BAGHDAD, Iraq – U.S. troops stormed into the heart of Baghdad on Monday, seizing Saddam Hussein's New Presidential Palace on the Tigris River in a brazen daylight raid to show that Americans could enter the capital any time, anywhere.
U.S. tanks also briefly surrounded the Information Ministry and Al-Rashid Hotel.
More than 70 tanks and 60 Bradley fighting vehicles took part in the raid under cover of tank-killing A10 Warthog planes and pilotless drones.
Four or five Marines were killed when their armored troop carrier took a direct hit from artillery shell at a bridge over a canal on the outskirts of Baghdad, according to Lt. Col. B.P. McCoy of the 3rd Battalion, 4th Marines. About a half hour later, Marines swarmed into the capital on foot, crossing a bridge spanning a canal at the south edge of the city, meeting little resistance.
There was no estimate of Iraqi casualties from the raids, but 10 miles outside the capital, about 100 Iraqis in military uniform were killed in fighting at Baghdad International Airport in a seven-hour battle that ended at 1 a.m. Monday.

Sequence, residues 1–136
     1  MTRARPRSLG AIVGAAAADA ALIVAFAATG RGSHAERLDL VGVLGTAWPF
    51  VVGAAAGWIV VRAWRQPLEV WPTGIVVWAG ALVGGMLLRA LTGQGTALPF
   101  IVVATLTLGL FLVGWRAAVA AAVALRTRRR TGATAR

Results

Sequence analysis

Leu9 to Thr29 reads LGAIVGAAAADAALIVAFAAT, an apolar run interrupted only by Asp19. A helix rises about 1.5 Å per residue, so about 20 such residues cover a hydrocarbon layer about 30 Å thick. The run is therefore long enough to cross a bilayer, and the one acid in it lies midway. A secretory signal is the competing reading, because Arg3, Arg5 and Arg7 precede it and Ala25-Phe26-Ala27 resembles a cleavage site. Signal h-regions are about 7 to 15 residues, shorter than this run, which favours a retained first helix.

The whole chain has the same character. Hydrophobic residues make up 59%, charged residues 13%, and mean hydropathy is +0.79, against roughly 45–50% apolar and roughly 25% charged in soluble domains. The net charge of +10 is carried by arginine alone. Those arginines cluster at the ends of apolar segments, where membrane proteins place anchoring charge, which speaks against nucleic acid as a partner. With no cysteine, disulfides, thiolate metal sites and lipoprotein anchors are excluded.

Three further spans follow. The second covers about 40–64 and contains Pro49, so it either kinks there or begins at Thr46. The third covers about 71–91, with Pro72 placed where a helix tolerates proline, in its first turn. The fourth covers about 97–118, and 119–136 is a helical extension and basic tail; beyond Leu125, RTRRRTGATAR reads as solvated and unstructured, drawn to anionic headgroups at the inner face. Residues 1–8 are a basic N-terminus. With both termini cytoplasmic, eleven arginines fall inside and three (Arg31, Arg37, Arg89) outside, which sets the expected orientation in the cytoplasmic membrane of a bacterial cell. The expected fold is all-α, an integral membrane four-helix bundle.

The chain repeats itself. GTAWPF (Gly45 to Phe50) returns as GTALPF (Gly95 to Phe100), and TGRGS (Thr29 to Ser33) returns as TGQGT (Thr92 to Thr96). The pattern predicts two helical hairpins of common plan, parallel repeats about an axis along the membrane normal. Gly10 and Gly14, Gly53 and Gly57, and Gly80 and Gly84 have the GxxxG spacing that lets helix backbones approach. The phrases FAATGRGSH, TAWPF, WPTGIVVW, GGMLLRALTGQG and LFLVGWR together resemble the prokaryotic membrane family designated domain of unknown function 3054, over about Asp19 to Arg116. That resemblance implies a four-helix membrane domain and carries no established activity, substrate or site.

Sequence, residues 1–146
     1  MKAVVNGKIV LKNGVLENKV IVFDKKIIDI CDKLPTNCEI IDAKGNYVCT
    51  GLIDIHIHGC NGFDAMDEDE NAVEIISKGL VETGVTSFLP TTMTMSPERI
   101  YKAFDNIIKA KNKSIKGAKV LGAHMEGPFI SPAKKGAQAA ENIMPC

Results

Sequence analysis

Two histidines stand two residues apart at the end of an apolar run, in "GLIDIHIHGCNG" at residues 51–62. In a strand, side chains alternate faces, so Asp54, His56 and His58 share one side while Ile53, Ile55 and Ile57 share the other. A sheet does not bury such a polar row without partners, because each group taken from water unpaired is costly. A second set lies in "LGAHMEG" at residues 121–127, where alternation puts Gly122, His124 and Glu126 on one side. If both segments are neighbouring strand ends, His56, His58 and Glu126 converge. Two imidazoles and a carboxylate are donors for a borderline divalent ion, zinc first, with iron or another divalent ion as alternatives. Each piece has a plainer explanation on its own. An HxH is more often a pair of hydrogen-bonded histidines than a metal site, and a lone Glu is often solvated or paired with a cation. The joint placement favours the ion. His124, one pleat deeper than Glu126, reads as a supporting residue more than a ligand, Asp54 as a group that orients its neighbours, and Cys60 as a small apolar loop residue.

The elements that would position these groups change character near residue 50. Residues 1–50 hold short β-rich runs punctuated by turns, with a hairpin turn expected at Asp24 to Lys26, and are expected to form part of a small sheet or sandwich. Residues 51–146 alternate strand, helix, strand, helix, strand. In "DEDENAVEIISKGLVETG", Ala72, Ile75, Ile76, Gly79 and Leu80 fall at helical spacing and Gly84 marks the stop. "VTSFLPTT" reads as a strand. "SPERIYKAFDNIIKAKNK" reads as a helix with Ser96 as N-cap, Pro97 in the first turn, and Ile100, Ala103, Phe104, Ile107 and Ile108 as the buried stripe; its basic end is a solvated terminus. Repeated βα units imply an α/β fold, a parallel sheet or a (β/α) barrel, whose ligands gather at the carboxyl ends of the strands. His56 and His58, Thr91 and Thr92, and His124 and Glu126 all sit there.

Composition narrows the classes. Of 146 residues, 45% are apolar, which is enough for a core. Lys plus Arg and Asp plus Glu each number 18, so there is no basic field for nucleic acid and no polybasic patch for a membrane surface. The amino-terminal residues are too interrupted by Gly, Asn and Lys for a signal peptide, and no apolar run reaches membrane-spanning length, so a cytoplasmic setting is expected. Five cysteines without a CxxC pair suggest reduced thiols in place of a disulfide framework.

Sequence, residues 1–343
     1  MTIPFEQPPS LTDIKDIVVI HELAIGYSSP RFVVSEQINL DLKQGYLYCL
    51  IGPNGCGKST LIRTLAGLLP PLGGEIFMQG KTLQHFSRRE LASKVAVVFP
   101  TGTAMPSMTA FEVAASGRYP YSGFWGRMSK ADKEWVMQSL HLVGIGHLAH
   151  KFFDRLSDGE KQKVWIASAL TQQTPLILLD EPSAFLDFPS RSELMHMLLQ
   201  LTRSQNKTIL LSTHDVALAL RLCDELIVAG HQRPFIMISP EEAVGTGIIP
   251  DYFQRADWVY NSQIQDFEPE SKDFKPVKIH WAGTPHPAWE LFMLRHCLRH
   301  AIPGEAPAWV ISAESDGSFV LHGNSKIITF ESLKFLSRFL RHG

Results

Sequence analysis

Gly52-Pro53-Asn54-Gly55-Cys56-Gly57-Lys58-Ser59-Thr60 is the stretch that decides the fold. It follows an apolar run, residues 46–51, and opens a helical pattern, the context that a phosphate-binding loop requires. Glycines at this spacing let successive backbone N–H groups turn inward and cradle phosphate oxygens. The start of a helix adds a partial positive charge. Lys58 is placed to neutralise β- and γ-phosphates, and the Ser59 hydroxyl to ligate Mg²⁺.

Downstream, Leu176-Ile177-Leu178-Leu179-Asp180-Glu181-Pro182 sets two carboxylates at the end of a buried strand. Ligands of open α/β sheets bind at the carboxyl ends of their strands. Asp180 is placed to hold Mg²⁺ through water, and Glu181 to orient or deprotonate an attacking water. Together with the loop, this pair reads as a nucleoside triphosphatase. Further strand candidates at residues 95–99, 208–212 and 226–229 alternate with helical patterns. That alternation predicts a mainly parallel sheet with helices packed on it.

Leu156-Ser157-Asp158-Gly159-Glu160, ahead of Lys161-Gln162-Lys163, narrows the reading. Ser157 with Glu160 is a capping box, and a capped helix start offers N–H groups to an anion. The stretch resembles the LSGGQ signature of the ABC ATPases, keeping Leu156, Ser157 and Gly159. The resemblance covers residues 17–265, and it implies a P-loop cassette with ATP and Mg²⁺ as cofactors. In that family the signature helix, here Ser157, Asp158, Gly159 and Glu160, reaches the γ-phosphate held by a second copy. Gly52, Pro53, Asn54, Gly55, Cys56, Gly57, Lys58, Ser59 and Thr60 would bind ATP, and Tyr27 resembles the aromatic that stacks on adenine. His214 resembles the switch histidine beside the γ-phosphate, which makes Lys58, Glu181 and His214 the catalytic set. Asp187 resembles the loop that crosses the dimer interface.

Capt. Frank Thorp, a Central Command spokesman, characterized the movement as another raid through the city and not a seizure of any territory or targets.
When asked if U.S. troops would remain inside Baghdad, Thorp said he would not discuss future plans.
"What you're seeing here is similar to what we saw on Saturday, with an armored raid through the city," he said.
Tanks of the 2nd Brigade of the 3rd Infantry Division barreled into the capital on the western side of the Tigris at 6 a.m. As they approached Baghdad along Highway 8, they met moderate resistance -- mostly assault fire and rocket-propelled grenades from infantry.
"I do believe this city is freakin' ours," boasted Capt. Chris Carter of Watkinsville Ga.
However, Iraq's information minister declared, "I reassure you Baghdad is safe."
"They are beginning to commit suicide at the walls of Baghdad," Information Minister Mohammed Saeed al-Sahhaf told reporters in a hastily called news conference outside the Palestine Hotel. "There is no presence of the American columns in the city of Baghdad, none at all."
The U.S. Army columns moved northeast to the newest and main presidential palace on the river, which divides the capital. The palace, which is near Saddam's Baath Party headquarters, apparently was mainly residential rather than used for administrative purposes. The party headquarters have been destroyed, although it wasn't clear when the damage was done.
Iraqis -- some nearly naked -- fled along its banks. Some jumped into the water. An ammunition depot across the river was on fire.